Intelligence, Agents and Media Group
Electronics and Computer Science
University of Southampton
The ARToolkit library developed at the University of Washington is designed for the rapid development of Augmented Reality applications. It provides computer vision techniques to calculate a camera's position and orientation relative to marked cards so that virtual 3D objects can be overlaid precisely on the markers.
The screen shots below should give a general idea of what is achievable with the ARToolkit.
[Note: this section is adapted from ARToolkit 2.33 Manual]
Figure 1: Input Video
Figure 2: Thresholded Video
Figure 3: Virtual Overlay
First the live video image (Figure 1) is turned into a binary (black or white) image based on a lighting threshold value (Figure 2). This image is then searched for square regions. ARToolKit finds all the squares in the binary image, many of which are not the tracking markers. For each square, the pattern inside the square is captured and matched again some pre-trained pattern templates. If there is a match, then ARToolKit has found one of the AR tracking markers. ARToolKit then uses the known square size and pattern orientation to calculate the position of the real video camera relative to the physical marker. A 3x4 matrix is filled in with the video camera real world coordinates relative to the card. This matrix is then used to set the position of the virtual camera coordinates. Since the virtual and real camera coordinates are the same, the computer graphics that are drawn precisely overlay the real marker (Figure 3). The OpenGL API is used for setting the virtual camera coordinates and drawing the virtual images.
The diagram below shows the image processing used in ARToolKit in more detail.
Figure 4a: Cube
Figure 4b: Cone
Figure 4c: VRML object
Figure 4d: All together
Objects being overlayed could be from OpenGL applications or VRML worlds. VRML is extremely useful as it can be generated from various 3D software packages, has animation and simple scripting for interactions between objects. As VRML is a text format, it is easy to generate VRML worlds dynamically in many ways.
When an ARToolkit program is run, it is looking for a pre-defined set of markers. Each pre-defined marker is associated with it's own VRML file.
The ARToolKit includes a program to create new markers which can then be associated with VRML files.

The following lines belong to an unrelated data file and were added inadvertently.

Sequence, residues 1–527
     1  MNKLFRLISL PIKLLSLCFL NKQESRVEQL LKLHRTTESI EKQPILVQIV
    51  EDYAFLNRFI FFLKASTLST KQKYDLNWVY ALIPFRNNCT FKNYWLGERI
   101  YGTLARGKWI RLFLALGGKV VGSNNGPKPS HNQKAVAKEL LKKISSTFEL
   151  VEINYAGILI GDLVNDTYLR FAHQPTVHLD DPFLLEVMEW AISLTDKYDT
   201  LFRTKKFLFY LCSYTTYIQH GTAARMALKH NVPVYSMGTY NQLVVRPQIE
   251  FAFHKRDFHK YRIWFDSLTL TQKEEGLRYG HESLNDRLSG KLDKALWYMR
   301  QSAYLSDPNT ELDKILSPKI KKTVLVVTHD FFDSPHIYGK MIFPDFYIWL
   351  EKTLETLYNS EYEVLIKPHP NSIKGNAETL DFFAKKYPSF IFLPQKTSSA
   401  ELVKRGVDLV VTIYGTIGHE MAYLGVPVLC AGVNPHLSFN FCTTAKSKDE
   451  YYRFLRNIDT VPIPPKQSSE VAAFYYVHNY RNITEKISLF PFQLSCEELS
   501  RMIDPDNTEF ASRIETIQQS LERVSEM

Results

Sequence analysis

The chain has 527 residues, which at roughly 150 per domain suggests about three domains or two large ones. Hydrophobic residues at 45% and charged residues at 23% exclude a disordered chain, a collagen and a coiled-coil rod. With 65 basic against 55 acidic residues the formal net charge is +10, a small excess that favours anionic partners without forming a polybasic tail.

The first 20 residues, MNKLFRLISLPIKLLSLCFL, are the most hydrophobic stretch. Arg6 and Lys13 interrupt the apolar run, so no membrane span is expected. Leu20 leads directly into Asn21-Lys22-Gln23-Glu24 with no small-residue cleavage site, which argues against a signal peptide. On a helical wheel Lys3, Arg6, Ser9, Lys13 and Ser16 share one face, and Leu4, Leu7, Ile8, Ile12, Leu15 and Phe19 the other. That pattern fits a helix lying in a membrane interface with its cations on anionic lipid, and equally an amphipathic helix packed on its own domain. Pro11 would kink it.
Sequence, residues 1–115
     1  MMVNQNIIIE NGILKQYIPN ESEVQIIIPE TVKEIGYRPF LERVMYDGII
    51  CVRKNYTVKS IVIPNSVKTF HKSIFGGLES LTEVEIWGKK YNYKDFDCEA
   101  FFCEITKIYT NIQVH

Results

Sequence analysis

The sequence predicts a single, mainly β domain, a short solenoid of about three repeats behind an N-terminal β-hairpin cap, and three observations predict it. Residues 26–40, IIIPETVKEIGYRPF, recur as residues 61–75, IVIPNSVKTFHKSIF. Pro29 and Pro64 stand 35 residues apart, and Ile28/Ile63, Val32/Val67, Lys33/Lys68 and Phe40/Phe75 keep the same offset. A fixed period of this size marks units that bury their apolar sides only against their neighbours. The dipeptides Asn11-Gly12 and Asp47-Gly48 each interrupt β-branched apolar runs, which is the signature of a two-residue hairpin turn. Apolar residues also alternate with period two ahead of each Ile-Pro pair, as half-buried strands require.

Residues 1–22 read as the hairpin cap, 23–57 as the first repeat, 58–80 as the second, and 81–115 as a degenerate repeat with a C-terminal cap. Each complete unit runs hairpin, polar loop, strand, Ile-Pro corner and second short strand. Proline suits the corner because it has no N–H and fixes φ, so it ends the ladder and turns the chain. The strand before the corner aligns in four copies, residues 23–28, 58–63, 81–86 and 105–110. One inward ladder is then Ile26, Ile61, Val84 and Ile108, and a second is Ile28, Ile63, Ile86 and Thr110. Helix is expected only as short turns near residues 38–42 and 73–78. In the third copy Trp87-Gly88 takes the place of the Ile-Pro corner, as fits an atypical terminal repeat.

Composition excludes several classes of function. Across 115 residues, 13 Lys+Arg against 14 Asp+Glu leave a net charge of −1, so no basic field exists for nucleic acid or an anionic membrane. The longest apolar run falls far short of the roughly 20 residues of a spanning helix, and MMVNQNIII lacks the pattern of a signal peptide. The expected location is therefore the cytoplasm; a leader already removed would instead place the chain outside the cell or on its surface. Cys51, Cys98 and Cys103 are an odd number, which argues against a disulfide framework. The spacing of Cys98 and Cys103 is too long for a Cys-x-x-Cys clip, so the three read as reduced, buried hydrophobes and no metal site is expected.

Figure 5 shows the IAM logo demonstration. There are three marker cards, each card holds one of the three AR jigsaw pieces on the IAM logo. Placing two cards next to each other in the correct order will join the two pieces. When all three are together in the correct order the three pieces join up.
Figure 5: Putting the IAM jig-saw together (click for video)
See the "Virtual Object Interaction" video on Mark Billinghurst's home page for another example.
This example shows how information could be presented to museum visitors about 3D artifacts. When they find an interesting object, they can just load it up on their card and look at it by holding it in their hand. They could ask for information on the object which would be tailored to their needs.
Figure 6: Triplane with labels over interesting regions
These interactions show how a marker's properties such as it's position or orientation can be used. When the card is tilted down, the text scrolls down. When the card is tilted up, the text scrolls up.
Figure 7: Textbox (click for video)
This idea has been extended to paintings were the image can be scrolled horizontally as well as vertically.
Figure 8: Image Panning (click for video)
Objects could be made to slip off marker cards if the marker card is tilted.
Figure 9: Virtual Object Manipulation in Augmented Reality (VOMAR)
A demonstration of the Virtual Object Manipulation in Augmented Reality (VOMAR) software was presented by Hirokazu Kato from Hiroshima University at ISAR 2000 (International Symposium on Augmented Reality). It introduces a "paddle" which can be used to interact with ARToolkit objects.
Another demonstration was presented by Dr. Ivan Poupyrev and Desnet Tan in a collaboration between the HIT Lab, ATR, Hiroshima City University and DaimlerChrysler AG.users assemble a mock up of an aircraft dashboard using virtual instruments overlaid on real cards.
For more information on these demonstrations, see the ARToolkit news page
Patrick Sinclair, 2001